Christian is already a big name in the online communities having been creating stunning science fiction vistas for a number of years now. Illuminate VI is also his 11th release with The Luminarium, throughout his time here he has constantly produced great artwork and insightful critique for our other artists.

Lum: First off Christian, congratulations on the feature! Do you tend to enjoy the Illuminate exhibits more than the themed ones, or do you enjoy having a guideline to follow?

Christian: For me the themed Exhibits could be seen as a good exercise for commissioned work. If you are trying to get your feet on the ground, aiming for work in a professional field, it's certainly never wrong to have a topic that narrows the guidelines a bit. Sometimes the results may not be as good as if it were an open topic (that allows you to do what you want) but it will surely help you to get somewhere. I personally enjoy both, the open and themed ones. The open topics can be plain fun and you can experiment a lot. The themed ones require you to focus a little more and think about how to efficiently approach the idea that eventually takes shape in your head.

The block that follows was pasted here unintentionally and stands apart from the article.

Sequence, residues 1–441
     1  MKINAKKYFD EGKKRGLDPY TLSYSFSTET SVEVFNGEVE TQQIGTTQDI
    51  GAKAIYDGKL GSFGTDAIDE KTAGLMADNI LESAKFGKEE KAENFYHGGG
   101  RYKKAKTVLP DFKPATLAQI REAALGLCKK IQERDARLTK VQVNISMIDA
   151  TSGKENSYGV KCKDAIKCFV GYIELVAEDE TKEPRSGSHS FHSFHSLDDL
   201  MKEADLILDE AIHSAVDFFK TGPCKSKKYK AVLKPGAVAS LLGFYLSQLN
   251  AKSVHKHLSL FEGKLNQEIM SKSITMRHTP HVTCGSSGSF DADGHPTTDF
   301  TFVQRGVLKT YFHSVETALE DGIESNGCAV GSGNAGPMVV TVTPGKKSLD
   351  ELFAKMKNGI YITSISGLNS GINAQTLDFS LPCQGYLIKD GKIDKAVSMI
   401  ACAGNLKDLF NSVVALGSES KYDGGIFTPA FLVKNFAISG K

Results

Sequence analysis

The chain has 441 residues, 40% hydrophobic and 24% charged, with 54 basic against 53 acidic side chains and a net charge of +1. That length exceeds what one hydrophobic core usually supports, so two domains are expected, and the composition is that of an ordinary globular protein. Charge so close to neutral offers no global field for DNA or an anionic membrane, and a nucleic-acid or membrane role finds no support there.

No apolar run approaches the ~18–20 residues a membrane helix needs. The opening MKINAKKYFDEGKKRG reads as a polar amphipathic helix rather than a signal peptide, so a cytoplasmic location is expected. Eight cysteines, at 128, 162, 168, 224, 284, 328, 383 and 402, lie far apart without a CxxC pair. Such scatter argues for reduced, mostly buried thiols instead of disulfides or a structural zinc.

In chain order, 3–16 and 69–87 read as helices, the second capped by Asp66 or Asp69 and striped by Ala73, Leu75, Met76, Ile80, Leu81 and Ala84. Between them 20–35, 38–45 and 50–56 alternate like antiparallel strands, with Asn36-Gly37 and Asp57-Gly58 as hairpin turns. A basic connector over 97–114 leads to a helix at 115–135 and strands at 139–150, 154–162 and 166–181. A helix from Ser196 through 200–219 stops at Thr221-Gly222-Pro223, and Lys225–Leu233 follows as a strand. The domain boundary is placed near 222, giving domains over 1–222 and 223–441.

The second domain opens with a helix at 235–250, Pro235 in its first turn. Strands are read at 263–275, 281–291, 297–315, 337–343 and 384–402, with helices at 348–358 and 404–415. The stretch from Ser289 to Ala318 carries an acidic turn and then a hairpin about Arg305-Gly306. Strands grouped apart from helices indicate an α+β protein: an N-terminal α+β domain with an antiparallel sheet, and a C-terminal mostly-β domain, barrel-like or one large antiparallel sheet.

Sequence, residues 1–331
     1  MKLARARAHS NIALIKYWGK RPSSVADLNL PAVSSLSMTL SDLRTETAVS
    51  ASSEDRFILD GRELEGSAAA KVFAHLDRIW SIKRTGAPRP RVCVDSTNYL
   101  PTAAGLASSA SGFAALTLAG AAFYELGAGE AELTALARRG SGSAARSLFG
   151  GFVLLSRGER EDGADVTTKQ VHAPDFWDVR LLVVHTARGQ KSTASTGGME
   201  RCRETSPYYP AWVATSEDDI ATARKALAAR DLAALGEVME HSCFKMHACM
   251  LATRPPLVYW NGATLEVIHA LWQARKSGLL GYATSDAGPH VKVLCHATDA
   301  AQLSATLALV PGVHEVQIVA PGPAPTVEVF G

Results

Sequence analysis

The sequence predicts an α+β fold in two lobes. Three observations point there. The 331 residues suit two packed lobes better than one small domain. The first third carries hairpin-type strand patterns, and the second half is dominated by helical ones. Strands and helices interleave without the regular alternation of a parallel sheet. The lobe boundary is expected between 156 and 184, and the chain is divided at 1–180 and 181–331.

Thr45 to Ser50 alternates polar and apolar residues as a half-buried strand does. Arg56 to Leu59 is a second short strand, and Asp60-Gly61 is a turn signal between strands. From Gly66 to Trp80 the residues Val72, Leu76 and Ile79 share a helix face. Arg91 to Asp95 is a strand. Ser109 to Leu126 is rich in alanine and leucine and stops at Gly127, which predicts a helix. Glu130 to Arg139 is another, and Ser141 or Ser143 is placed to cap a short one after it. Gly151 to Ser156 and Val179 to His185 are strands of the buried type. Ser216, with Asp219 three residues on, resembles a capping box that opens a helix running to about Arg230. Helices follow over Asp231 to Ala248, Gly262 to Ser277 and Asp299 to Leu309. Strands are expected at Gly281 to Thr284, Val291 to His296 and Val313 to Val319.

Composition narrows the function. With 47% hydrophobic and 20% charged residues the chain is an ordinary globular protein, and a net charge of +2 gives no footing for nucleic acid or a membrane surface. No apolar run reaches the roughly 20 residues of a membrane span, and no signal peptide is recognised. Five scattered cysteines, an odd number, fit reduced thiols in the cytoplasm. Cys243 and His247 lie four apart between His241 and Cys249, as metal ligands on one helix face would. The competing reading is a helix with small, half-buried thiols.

Lum: Let's get started with a little bit about you. What do you do outside of art? Any hobbies?

Christian: I'm a very very big movies fan. Have you seen 'Snowpiercer'? Fantastic movie and unbelievable that it didn't get a wide release in theaters! Now it's became this sorta insider tip. Which is maybe even better. Movies build a lot of inspirational background for my pictures. Photography is also a side project of mine. Especially macro-photography.

Lum: You've been producing art since before the Luminarium even existed, and most of us probably know of your art from your DeviantArt under the moniker "Tigaer". What originally got you into the scene? What hooked you into it/made you stay?